Dare I go even farther and say that they’re better than fine? Although they still spend more time with me, they now have the kind of relationship with their father that they never had before, simply because they never used to see him alone. When we were married, whenever he was home, I was home too. They know him better now. When we were married, I dominated; since we split, my ex-husband has managed. I am a bossy and overbearing individual, and I was perhaps a bit too invested in my children to allow their father room to interact. I think they’ve forged something valuable, the three of them, on those nights and weekends I’m outsourced.

Many things have shocked me about my divorce, but nothing has shocked me more than this: My children do not need for me to live with their father in order to be happy. And–most shocking of all–they don’t need me in order to be happy. So what’s the problem? Well, for one thing, the new, child-friendly custody, which dictates that divorced parents stay close to, involved with, and invested in their children, also forces divorced parents to stay close to, involved with, and invested in each other. It’s great for the children, but it is–again, dare I say?–pretty fucking hard on us. Having my ex-husband far, far away gave me a taste of the freedom and autonomy I might have if only he were a seventies kind of estranged dad. I wish I were still in charge of the kids. They were definitely my purview back when their father and I were still married. Deep down, I think I’m better at taking care of them than he is. I’m certainly more experienced. Deep down, I want my children back.

Ah, but I don’t, I don’t. Not only am I not strong enough to defy the massive cultural juggernaut that declares that children belong with both parents even at the expense of those parents’ individual happiness, but I am also stupendously selfish and scheming. With full custody comes an inexorable tip of the scales; the absent parent is longed for and idealized, while the parent who does the heavy lifting is taken for granted, or even spurned. I want my ex-husband to spend sufficient time with the kids to be as annoyed by them as any sane mortal should be. I want them to sass him when he orders them to bed, to fight and cry and make messes in his house and on his watch. I want them to get sick when they’re with him. I want them to miss me, which they couldn’t possibly do if they saw me all the time.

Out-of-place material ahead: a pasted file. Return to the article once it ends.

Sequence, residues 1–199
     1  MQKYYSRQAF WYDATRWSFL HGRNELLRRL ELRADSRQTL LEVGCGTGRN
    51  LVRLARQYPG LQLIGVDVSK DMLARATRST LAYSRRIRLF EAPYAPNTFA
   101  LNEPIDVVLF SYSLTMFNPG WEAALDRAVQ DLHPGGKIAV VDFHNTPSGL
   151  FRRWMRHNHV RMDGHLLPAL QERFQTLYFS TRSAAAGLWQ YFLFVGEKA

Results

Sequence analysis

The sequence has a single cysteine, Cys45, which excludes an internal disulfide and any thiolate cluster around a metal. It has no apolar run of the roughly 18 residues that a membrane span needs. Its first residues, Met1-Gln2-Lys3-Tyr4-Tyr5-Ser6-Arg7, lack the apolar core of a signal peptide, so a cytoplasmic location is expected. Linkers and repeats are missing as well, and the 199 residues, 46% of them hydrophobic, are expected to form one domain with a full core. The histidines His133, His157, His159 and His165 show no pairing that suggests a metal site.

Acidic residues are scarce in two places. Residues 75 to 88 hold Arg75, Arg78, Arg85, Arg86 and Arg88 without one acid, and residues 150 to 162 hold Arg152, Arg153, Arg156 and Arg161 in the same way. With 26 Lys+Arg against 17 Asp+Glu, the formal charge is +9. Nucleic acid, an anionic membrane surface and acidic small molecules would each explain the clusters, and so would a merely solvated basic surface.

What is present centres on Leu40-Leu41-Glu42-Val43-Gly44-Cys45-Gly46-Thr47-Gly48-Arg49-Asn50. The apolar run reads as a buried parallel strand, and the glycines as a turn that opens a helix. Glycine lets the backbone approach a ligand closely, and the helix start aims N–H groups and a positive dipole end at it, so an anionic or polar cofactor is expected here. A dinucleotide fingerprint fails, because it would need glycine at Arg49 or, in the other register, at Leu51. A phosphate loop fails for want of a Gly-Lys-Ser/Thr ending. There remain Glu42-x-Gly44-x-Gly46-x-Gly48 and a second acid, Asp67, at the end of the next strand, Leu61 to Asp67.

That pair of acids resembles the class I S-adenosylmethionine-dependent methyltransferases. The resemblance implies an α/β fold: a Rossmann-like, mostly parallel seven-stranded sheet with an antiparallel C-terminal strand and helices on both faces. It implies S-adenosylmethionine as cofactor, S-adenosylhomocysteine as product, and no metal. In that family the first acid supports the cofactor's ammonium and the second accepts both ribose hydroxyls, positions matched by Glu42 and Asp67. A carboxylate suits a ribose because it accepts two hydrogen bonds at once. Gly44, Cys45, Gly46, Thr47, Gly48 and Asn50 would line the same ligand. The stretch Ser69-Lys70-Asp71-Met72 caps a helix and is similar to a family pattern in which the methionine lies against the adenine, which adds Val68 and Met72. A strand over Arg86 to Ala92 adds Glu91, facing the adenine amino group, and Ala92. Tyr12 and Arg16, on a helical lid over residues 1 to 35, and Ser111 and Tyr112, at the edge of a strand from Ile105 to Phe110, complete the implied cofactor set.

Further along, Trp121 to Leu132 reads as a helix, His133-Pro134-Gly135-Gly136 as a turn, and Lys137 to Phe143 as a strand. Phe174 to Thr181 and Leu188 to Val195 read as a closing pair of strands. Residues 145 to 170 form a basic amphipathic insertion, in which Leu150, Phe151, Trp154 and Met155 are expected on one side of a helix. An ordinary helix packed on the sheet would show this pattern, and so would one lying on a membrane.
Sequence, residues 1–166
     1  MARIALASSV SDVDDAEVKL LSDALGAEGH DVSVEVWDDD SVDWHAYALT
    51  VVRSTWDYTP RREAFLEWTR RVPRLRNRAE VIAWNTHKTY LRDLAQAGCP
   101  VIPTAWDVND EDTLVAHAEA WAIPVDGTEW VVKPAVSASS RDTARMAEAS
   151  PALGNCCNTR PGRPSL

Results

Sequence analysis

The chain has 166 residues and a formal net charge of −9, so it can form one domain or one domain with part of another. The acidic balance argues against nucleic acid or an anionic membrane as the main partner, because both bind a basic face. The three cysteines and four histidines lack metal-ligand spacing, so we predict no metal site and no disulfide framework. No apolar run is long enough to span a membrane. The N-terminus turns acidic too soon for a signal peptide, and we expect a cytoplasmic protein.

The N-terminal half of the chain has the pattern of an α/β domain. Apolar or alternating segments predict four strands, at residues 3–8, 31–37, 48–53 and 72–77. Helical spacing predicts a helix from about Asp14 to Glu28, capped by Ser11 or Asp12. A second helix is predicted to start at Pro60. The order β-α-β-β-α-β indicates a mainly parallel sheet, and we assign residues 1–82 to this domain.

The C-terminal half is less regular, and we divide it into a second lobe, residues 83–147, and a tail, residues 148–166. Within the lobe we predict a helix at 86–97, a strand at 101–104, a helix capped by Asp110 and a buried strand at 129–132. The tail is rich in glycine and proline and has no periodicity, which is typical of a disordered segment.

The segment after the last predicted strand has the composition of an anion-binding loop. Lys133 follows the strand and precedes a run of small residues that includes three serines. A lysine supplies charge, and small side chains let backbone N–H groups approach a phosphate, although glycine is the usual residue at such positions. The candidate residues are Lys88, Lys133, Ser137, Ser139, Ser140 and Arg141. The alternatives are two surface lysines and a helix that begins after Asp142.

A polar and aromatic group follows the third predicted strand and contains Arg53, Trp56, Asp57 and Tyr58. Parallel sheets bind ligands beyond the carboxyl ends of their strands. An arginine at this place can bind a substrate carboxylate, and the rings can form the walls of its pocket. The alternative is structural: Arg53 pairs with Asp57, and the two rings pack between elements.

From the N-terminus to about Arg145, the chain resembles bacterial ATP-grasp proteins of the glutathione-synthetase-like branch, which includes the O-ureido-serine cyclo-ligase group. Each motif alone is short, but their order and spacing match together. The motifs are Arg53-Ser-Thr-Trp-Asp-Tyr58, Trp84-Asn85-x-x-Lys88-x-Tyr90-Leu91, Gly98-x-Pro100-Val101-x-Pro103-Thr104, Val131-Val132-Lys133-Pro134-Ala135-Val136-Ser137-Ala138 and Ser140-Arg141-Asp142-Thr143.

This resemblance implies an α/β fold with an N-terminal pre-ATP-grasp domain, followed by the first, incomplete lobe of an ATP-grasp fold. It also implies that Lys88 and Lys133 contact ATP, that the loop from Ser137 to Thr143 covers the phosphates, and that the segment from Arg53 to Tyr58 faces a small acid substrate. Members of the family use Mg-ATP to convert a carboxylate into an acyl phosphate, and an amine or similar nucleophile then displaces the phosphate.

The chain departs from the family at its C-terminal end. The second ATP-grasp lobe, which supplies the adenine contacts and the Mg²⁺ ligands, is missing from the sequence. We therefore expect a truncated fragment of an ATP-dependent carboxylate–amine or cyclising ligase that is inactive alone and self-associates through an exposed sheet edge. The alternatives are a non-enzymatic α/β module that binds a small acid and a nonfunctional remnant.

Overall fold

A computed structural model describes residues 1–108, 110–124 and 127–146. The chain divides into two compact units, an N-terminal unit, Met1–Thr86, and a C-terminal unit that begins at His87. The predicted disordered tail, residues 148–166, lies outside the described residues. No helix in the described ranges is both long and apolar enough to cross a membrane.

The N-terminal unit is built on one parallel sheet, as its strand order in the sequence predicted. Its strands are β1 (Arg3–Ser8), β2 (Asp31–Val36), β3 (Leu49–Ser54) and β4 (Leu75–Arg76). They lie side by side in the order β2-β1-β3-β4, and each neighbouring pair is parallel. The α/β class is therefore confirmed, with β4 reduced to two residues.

I’d gladly never see my ex-husband again, or even talk to him. For divorced people, though, we certainly do hang out a lot. I swear I have more contact with him now than I did when we were together, back when days might go by without much meaningful interaction. Time, I suppose, will tell whether our generation’s particular model of post-marital childcare works better for the kids than the previous generation’s default setting. But I’ll tell you one thing for certain: it’s a bitch for the grown-ups to pull off. Given our present custody arrangements, I doubt I’ll ever be able not to think about my ex-husband for more than a day or two, unless he’s in, say, Greece. It seems a waste of a perfectly simple divorce.

Advertisements
12 Comments leave one →
  1. Jen permalink
    June 29, 2010 10:40 am

    This is exactly what goes through my head on a daily basis, exactly.

  2. June 29, 2010 7:01 pm

    My husband moved out in April and shortly thereafter, moved 800 miles away to be with his piece on the side. I’m doing it all solo and that has its suckiness, too, especially him whining about how much he misses them. I wish that he was closer, so the girls could spend time with him, but it’s not going to happen. I don’t know that I’d like your situation any better, though. I don’t think there’s really an ideal solution.

    • irretrievablybroken permalink*
      June 29, 2010 8:11 pm

      No, no, you’re completely right. Thinking “ooh, it’s so peaceful when he’s out of town” is a luxury, and has about as much to do with really flying solo as a weekend away from the kids when you’re married has to do with being childless. I knew old what’s-his-face was coming back, and didn’t have to deal with any emotional fallout from the kids, because he was only on VACATION. Still, I fantasize about having to cope with everything myself, because I hate dealing with him (even when he’s being perfectly nice.) I know full well that I’d never want him to move away and see the kids once a year, because it would be undeniably bad for them, bad for him, and ultimately bad for me as well….